Welcome to Handiham World!
Report from Texas - Damage from Ike extends far inland
We got hit hard; 300 miles from coast, and still got clobbered.
About 80% power still out - some will be out up to 90 days. Running most street light signals off generators or welding machines with power plants. Mine’s been running at home since Friday night. All EOC’s on generators – hospitals, too.
I rode around with the fire chief, I’ve never before seen power poles just jerked out of the ground; even the steel ones were broken off at ground level.
It gets worse the further south you go. All power is out within 60 miles of the coast.
Got to get back to work with the county police and fire so we don’t run out of people. 7 A.M. Saturday to 7 A.M. Sunday we ran fire, EMS, calls power lines down -- you name it, it came in!
Thanks to Ken for that report. I purposely put his news up front to remind those readers and listeners who were not in the path of the enormously destructive storm called "Ike" just how bad and how extensive the damage was... and still is! In fact, damage from the storm extended well into the Midwest, with flooding and power outages in places like Illinois and Kentucky. I heard from relatives in Louisville that they will be out of power for days due to all of the storm damage. This morning I heard from a handiham member in Houston, Texas, where power is still out. She contacted a mailing list of friends via the Internet, because her phone and DSL service had come back to life. Even so, if she had not been prepared with a portable generator to run the computer equipment, she would not have been able to send out her message. She did lament how she wished that her ham radio station had been better organized and prepared.
Last night I watched on the TV news and saw the long lines of cars clogging the freeways of South Texas as people tried to return to the coast to assess the damage to their homes and businesses. I was somewhat surprised at this, because my understanding is that there is so little infrastructure left in places like Galveston that people are still trying to get out. It is a terrible situation that will take a very long time to straighten out. It is also a cautionary tale for amateur radio operators who have not really been too careful about preparing "go kits" for their own personal use during such emergencies. Remember, a well-planned go kit can be useful for yourself and your immediate family as well as for assisting in a public service communications capacity. Having a radio and extra batteries along with you in the car or on the bus as you are evacuated from the danger zone could come in very handy indeed. We have all heard of situations where cars have stalled or run out of fuel on the jammed interstate highways during an emergency evacuation.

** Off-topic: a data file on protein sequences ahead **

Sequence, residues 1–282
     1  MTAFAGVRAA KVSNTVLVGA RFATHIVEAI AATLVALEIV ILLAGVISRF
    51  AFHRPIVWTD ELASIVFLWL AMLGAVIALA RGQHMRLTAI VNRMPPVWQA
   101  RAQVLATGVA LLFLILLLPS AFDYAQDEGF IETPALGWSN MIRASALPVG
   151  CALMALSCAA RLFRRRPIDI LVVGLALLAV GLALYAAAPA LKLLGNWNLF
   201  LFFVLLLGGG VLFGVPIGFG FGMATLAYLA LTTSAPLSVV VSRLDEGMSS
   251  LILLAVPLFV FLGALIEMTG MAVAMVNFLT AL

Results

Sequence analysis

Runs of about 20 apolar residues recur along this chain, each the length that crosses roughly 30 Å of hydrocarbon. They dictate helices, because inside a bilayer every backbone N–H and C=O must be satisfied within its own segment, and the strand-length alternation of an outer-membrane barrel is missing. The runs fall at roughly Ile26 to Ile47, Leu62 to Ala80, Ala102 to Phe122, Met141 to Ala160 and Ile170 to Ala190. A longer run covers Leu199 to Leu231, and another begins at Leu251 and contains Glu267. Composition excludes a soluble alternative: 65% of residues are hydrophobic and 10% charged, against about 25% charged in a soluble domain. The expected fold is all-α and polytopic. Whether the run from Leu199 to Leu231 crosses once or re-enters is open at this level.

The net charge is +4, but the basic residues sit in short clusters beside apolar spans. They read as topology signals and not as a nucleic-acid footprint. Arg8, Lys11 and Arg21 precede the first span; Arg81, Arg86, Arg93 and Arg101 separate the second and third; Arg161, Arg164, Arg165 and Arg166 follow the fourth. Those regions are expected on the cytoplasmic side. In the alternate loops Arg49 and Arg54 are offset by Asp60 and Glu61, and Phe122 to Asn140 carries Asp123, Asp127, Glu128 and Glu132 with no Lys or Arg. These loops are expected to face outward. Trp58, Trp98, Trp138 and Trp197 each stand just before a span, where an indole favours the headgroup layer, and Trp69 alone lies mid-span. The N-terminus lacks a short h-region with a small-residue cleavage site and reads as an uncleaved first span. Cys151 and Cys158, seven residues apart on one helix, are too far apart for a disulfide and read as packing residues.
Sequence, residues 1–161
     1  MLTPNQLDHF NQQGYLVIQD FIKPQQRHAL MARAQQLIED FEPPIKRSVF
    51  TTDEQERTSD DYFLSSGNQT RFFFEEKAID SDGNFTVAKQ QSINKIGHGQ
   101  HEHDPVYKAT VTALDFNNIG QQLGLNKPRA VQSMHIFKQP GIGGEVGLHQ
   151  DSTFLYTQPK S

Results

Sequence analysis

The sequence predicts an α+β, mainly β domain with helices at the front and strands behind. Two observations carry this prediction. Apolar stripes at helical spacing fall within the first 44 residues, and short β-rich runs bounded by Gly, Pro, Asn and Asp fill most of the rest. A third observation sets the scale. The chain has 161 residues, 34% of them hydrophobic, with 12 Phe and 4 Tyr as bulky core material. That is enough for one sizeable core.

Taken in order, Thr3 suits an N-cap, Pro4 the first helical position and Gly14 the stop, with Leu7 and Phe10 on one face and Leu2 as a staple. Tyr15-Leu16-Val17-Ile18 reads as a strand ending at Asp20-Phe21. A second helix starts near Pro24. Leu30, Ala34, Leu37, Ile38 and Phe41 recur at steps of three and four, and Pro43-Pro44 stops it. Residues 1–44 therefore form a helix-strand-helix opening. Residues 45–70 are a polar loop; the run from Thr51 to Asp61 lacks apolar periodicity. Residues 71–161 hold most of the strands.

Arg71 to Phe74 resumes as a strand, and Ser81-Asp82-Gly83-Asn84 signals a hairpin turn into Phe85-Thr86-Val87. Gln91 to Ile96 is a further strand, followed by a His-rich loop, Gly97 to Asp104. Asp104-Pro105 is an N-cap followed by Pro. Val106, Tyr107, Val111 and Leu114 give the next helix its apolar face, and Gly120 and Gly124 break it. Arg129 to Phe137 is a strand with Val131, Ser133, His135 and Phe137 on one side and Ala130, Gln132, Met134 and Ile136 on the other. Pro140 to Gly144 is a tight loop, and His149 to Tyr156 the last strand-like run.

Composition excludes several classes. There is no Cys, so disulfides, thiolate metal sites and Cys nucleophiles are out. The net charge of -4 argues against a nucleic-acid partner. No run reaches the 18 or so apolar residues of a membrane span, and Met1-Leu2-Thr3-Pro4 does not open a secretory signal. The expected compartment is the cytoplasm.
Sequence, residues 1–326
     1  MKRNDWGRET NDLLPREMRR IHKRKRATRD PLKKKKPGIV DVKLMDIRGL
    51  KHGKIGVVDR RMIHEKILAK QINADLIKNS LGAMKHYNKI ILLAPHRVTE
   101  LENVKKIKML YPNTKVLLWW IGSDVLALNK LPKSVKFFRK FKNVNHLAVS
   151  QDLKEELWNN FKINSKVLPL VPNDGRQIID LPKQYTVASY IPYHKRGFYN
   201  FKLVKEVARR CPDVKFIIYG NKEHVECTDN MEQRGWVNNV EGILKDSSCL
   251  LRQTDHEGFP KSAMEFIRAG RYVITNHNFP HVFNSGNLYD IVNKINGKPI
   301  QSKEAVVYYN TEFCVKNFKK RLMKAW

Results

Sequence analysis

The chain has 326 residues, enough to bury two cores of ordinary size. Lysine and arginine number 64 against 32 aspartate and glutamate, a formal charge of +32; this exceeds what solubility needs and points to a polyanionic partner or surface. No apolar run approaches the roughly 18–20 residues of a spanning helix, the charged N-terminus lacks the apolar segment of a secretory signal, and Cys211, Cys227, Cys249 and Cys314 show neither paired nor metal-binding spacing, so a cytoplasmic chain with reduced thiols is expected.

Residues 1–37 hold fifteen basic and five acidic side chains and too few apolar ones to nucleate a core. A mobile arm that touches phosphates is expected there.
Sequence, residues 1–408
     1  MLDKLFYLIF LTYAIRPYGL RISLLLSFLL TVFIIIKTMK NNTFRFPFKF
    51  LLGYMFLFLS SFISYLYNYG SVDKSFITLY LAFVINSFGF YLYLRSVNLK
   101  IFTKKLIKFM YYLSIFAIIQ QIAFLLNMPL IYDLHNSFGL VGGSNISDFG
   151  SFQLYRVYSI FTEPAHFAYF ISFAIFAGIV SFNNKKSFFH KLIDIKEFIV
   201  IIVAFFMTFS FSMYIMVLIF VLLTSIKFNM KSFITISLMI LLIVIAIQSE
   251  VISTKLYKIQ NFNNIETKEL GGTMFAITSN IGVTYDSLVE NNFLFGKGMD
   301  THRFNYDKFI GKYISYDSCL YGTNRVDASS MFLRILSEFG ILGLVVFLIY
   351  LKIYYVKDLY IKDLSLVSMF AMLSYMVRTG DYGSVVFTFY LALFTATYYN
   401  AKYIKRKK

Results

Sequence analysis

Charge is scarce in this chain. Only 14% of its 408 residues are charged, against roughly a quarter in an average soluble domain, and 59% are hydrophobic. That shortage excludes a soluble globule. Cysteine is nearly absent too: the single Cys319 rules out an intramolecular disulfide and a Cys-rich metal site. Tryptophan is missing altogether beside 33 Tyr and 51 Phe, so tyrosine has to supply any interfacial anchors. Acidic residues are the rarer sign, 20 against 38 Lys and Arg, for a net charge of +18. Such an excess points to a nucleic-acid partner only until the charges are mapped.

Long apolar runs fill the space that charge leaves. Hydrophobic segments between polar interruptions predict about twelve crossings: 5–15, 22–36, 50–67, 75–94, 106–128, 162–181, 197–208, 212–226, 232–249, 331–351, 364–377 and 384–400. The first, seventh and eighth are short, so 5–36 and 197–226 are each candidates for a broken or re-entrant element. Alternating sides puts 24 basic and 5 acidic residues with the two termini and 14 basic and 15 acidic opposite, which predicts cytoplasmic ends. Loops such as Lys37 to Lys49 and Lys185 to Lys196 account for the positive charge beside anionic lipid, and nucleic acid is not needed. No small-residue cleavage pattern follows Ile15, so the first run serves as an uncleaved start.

In an emergency, especially a widespread one like a hurricane, police, fire, and medical response cannot be counted upon in the same way that we do in normal times. A radio and charged batteries will at least provide an alternative means of communication that could be a life-saver. Here in Minnesota, we seldom have enormous weather events of such a destructive nature, but we do get widespread blizzards and much more localized destructive storms like tornadoes. While the immediate response may be different since evacuation from a huge metropolitan area is not likely for those events, the go kit is still a vital part of our amateur radio emergency planning.
Large-scale terrorist attacks are not out of the question. While no major world metropolitan area has yet experienced such an attack requiring a mass evacuation, if such a thing did have to take place it would be vital to have a working go kit so that you could use an alternative form of communications. As I have stated before, cellular phones cannot be counted upon in wide-area emergencies. The reason is that the cellular system is designed with limited capacity that assumes not all users will try to make calls at the same time. In a wide-area emergency situation, people are likely to pick up their phones to check in with relatives and friends. Even a relatively localized disaster here in the Twin Cities area, the Interstate 35 bridge collapse, caused significant congestion of the cellular phone system. Can you imagine what would happen to the cellular system in a much bigger, more widespread disaster situation? Your amateur radio equipment might turn out to be the only practical way to communicate!
Emergency responders learn something very important in their training: how to deal with complacency. While some of us are better at learning than others, everyone is affected by complacency. A perfect example of how we become complacent is that we go a long happily for many years without having to deal with a disaster, in the meantime failing to keep our radio equipment in good working order, failing to keep our go kits up to date, failing to have a family plan for dealing with emergencies, failing to stock extra water and batteries, and so on. It is really hard work to fight complacency. Things have gone well for so long that we simply assume the rest of today, tomorrow, the next day, and the next week will all go just as perfectly well.
That may not be the case. I'm not telling you to worry all the time, but I am telling you that you need to be prepared. And the best way amateur radio operators can be prepared is to follow the basic philosophy of having equipment that is ready to go, even in an emergency and even on short notice.